Quart | |
---|---|

Unit of | Volume |

Symbol | qt |

Conversions (imperial) | |

1 imp qt in ... | ... is equal to ... |

SI-compatible units | 1.13652 L |

US customary units | ≈ 1.200950 US qt |

US customary units | ≈ 69.35486 in^{3} |

Conversions (US) | |

1 US qt in ... | ... is equal to ... |

SI-compatible units | ≈ 0.9463529 L |

Imperial units | ≈ 0.8326742 imp qt |

Imperial units | 57.75 in^{3} |

US dry gallon | ≈ 0.859367 US dry qt |

The **quart** (symbol: **qt**)^{[1]} is an English unit of volume equal to a quarter gallon. Three kinds of quarts are currently used: the **liquid quart** and **dry quart** of the US customary system and the **imperial quart** of the British imperial system. All are roughly equal to one liter. It is divided into two pints or (in the US) four cups. Historically, the exact size of the quart has varied with the different values of gallons over time and in reference to different commodities.

The term comes from the Latin *quartus* (meaning one-quarter) via the French *quart*. However, although the French word *quart* has the same root, it frequently means something entirely different. In Canadian French in particular, the quart is called *pinte*,^{[2]} whilst the pint is called *chopine*.^{[2]}

Main article: Gallon |

Since gallons of various sizes have historically been in use, the corresponding quarts have also existed with various sizes.

In the United States, all traditional length and volume measures have been legally standardized for commerce by the international yard and pound agreement of 1959, using the definition of 1 yard being exactly equal to 0.9144 meters. From this definition is derived the metric equivalencies for inches, feet, and miles, area measures, and measures of volume. The US liquid quart equals 57.75 cubic inches, which is exactly equal to 0.946352946 L.^{[3]}^{[4]}

1 US liquid quart | = | 1⁄4 | US liquid gallons |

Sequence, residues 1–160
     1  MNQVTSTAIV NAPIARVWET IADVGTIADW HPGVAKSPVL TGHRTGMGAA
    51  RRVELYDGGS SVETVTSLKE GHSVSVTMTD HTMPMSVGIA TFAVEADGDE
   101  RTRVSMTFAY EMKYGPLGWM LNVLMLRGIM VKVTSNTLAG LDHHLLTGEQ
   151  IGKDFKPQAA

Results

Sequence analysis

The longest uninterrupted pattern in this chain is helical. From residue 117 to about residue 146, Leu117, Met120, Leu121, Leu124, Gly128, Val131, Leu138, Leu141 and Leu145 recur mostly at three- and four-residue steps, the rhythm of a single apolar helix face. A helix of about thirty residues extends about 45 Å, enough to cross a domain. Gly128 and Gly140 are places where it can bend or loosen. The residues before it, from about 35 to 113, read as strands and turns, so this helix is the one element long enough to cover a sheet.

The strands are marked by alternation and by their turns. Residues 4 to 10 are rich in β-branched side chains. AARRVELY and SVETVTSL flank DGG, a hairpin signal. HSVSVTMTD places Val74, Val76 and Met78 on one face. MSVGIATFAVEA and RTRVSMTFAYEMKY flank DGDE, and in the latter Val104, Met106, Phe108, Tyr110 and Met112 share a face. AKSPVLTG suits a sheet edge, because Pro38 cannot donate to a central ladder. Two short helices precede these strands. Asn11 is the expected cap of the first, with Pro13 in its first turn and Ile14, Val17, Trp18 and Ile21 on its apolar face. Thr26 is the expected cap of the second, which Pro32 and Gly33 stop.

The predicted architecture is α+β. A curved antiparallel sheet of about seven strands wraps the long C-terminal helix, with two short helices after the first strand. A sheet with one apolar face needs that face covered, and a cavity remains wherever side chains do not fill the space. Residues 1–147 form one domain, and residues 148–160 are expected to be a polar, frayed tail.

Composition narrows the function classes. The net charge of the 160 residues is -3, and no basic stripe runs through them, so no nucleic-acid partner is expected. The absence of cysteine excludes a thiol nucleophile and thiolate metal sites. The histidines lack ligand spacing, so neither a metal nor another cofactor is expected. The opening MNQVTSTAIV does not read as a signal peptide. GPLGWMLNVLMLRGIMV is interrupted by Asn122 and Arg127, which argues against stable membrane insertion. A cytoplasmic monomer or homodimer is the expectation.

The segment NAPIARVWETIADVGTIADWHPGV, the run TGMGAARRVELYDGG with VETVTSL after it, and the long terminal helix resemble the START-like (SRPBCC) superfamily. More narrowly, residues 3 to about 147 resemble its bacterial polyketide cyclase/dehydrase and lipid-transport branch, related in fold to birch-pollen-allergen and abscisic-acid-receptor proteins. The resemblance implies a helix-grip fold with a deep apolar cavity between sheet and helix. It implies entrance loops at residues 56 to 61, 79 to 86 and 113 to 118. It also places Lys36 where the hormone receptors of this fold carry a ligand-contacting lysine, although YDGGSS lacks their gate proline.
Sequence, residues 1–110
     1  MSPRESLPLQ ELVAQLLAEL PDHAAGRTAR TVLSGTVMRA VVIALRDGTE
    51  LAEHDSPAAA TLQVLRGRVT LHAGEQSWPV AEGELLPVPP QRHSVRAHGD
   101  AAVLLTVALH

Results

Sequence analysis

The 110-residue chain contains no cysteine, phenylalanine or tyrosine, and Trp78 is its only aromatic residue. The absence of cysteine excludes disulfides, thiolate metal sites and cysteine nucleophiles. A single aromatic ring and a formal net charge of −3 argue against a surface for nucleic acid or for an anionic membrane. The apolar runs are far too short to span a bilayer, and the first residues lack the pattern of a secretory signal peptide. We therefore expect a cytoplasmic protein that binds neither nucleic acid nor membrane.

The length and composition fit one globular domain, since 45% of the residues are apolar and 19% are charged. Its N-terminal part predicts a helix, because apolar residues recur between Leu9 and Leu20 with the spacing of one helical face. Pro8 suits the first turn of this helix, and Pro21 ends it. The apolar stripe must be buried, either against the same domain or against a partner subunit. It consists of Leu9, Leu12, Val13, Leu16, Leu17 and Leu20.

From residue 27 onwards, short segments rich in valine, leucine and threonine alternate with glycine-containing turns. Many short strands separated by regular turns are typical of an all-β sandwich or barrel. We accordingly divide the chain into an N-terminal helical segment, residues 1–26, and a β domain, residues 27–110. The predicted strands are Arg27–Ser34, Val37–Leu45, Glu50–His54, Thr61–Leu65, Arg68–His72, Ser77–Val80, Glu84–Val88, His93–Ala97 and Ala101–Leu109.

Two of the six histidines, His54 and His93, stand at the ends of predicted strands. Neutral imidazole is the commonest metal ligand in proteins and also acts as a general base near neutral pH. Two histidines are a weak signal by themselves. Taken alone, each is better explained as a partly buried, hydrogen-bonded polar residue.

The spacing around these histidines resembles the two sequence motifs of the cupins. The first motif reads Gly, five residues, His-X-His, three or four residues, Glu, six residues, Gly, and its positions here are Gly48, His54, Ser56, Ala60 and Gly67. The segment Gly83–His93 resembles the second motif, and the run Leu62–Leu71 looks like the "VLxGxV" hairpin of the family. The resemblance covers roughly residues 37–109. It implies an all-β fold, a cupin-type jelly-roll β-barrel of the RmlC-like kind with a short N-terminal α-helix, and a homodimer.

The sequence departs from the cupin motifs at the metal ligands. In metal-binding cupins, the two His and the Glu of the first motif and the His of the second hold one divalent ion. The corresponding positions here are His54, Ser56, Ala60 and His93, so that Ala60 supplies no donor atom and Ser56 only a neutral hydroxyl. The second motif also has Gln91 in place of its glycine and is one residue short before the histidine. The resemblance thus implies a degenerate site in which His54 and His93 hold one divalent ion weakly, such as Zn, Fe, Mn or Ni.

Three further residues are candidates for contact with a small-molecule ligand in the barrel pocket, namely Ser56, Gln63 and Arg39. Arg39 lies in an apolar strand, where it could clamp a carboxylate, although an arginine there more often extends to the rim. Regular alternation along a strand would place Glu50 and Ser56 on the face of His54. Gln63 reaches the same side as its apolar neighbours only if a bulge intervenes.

= | 2 | US liquid pints | |

= | 4 | US liquid cups | |

= | 8 | US liquid gills | |

= | 32 | US fluid ounces | |

= | 57.75 | cubic inches^{[5]}
| |

≡ | 0.946352946 | liters^{[4]}^{[6]}
| |

≈ | 33.307 | imperial fluid ounces |

In the United States, the dry quart is equal to one quarter of a US dry gallon, or exactly 1.101220942715 L.

1 US dry quart | = | 1⁄32 | US bushels |

= | 1⁄8 | US pecks | |

= | 1⁄4 | US dry gallons | |

= | 2 | US dry pints | |

= | 67.200625 | cubic inches | |

≡ | 1.101220942715 | liters^{[4]}^{[6]}
| |

≈ | 38.758 | imperial fluid ounces |

The imperial quart, which is used for both liquid and dry capacity, is equal to one quarter of an imperial gallon, or exactly 1.1365225 liters. In the United Kingdom goods may be sold by the quart if the equivalent metric measure is also given.^{[7]}

1 imperial quart | = | 1⁄4 | imperial gallons |

= | 2 | imperial pints | |

= | 40 | imperial fluid ounces | |

≡ | 1.1365225 | liters^{[8]}^{[a]}
| |

≈ | 69.355 | cubic inches | |

≈ | 38.430 | US fluid ounces |

In Canadian French, by federal law, the imperial quart is called *pinte*.^{[9]}^{[2]}

The Winchester quart is an archaic measure,^{[10]} roughly equal to 2 imperial quarts or 2.25 liters. The 2.5 L bottles in which laboratory chemicals are supplied are sometimes referred to as Winchester quart bottles, although they contain slightly more than a traditional Winchester quart.

The reputed quart was a measure equal to two-thirds of an imperial quart (or one-sixth of an imperial gallon), at about 0.7577 liters, which is very close to one US fifth (0.757 liters).

The reputed quart was previously recognized as a standard size of wine bottle in the United Kingdom, and is only about 1% larger than the current standard wine bottle of 0.75 L.^{[11]}^{[12]}